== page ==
Active gaming (aka exer-gaming) is the term used for video games that involve some level of physical activity. I’ve discussed active gaming on Obesity Panacea in the past, and while I don’t doubt that it can be an effective tool for promoting physical activity in certain specific situations (eg as a form of physiotherapy), I remain skeptical about it’s ability to increase physical activity levels for the vast majority of children.
Unfortunately for active gaming enthusiasts, a study recently published in Applied Physiology, Nutrition and Metabolism suggests that my skepticism may have been well-founded. In this new study (available free to Canadians here) researchers at the Children’s Hospital of Eastern Ontario examined the impact of the GameBike on exercise adherence, energy expenditure, aerobic fitness, and metabolic health in overweight and obese adolescents with at least one metabolic complication.
Briefly, the GameBike is an exercise bike that attaches to any video-game console and allows people to compete in racing games by pedaling the bike. The faster you pedal, the better your score. I haven’t played it myself, but I will admit that it does sound more fun that simply riding an exercise bike.
In this study, the authors compared the impact of the GameBike with the impact of simply listening to music (on the radio, a CD, or personal music player). In both conditions, participants were asked to attend the lab twice a week for 10 weeks. Each session lasted for 60 minutes, and while the participants had to remain in the lab for that time, the amount of time spent cycling was completely up to them.
Somewhat surprisingly, listening to music was actually more effective than the GameBike in a number of important categories. Participants in the music group missed fewer sessions (8% vs 14%), spent nearly twice as much time exercising at a vigorous intensity in each session (25 min vs 14 min), and cycled 2.3 kilometers (~1.5 miles) farther every session. Both groups saw significant increases in fitness over the course of the intervention, while neither group saw changes in metabolic profile (although there was a reduction in total cholesterol when the groups were collapsed).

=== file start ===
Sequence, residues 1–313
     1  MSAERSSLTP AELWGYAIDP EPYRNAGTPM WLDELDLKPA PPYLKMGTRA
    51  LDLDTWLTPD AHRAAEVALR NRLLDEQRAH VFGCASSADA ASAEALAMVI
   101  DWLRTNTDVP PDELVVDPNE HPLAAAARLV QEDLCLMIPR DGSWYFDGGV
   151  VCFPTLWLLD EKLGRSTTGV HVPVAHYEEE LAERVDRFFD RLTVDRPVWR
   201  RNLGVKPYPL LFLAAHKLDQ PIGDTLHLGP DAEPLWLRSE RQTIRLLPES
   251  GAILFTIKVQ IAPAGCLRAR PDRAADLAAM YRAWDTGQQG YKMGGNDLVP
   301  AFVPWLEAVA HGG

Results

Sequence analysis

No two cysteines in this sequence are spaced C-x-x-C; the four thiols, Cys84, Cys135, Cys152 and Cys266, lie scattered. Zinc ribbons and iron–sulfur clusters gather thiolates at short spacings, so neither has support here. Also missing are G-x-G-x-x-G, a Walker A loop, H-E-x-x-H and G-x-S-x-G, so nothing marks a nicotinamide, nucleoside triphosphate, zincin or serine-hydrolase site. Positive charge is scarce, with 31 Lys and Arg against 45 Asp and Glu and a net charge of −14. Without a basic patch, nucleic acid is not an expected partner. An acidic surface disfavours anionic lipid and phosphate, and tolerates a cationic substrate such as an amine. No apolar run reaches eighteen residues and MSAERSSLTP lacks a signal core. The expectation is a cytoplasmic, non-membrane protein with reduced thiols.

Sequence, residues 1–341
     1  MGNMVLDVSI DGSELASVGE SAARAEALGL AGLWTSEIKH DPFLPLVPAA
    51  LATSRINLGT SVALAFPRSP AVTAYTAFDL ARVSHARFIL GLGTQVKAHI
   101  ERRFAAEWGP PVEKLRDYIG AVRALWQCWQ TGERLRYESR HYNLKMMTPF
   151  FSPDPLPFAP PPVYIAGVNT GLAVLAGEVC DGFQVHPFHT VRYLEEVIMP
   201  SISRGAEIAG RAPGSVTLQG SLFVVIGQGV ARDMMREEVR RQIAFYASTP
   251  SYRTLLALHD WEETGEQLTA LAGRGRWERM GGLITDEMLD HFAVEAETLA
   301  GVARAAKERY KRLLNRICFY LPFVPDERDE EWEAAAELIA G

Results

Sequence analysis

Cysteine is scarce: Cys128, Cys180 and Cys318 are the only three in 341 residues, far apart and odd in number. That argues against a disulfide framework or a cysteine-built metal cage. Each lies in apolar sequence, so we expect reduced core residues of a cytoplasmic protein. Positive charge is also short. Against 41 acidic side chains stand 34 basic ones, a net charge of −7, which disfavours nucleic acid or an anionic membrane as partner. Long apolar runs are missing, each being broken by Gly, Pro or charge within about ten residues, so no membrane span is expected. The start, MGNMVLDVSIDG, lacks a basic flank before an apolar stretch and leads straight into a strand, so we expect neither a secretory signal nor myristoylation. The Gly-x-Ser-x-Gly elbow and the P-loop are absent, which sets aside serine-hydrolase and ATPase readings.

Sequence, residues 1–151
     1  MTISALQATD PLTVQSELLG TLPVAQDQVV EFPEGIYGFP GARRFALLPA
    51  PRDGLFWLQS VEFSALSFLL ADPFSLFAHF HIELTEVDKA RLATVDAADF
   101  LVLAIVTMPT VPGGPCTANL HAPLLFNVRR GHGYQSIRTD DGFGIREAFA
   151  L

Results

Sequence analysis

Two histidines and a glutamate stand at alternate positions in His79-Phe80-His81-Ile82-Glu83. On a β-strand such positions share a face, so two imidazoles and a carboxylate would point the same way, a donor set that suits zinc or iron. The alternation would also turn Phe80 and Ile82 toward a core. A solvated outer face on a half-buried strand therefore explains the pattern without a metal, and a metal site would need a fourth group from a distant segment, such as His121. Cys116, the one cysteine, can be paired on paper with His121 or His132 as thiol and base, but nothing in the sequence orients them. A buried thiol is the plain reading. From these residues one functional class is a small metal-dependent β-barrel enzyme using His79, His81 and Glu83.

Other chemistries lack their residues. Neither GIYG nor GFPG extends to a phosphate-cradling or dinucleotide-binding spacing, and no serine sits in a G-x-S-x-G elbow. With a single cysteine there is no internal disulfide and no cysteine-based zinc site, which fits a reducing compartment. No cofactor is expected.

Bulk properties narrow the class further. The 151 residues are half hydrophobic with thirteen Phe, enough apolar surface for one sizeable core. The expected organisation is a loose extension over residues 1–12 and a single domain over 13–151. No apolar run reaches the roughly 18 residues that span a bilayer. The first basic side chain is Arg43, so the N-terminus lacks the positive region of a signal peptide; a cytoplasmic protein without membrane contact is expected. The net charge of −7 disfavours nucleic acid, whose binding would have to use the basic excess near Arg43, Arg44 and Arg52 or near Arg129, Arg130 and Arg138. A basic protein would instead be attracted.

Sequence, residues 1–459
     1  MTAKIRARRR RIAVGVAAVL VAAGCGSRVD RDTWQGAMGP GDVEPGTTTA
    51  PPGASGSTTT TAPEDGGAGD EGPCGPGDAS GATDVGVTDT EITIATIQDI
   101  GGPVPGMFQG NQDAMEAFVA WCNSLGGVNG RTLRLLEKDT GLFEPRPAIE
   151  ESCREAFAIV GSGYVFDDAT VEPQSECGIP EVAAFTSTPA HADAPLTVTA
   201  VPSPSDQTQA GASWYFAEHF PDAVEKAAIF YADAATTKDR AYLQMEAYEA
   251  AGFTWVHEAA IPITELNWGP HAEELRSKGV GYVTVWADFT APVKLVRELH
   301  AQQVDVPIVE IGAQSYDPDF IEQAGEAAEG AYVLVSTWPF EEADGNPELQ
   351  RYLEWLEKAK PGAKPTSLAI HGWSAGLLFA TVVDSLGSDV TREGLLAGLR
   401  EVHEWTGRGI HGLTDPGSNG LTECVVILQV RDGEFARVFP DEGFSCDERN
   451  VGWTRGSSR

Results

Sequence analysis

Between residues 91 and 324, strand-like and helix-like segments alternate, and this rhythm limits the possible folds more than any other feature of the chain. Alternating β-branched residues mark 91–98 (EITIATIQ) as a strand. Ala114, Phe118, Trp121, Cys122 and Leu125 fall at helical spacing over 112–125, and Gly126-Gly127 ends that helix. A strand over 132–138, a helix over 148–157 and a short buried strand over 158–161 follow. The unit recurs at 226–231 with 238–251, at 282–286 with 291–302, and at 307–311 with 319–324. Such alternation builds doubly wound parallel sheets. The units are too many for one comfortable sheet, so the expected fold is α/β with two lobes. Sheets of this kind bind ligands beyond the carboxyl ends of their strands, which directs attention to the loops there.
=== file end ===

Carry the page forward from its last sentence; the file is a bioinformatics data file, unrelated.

I will readily admit that this study doesn’t suggest that the GameBike is completely ineffective – but it does appear to be substantially less effective than simply listening to music. This is somewhat surprising given that the GameBike website claims immodestly that the GameBike:
…has changed the world as we know it.
And let’s not forget that listening to music is incredibly cheap, while the Game Bike costs $1500-2000. Certainly not the most cost-effective strategy for promoting physical activity, and one more reason to think that active gaming may not be the panacea for the childhood inactivity crisis.
Adamo KB, Rutherford JA, & Goldfield GS (2010). Effects of interactive video game cycling on overweight and obese adolescent health. Applied physiology, nutrition, and metabolism = Physiologie appliquee, nutrition et metabolisme, 35 (6), 805-15 PMID: 21164552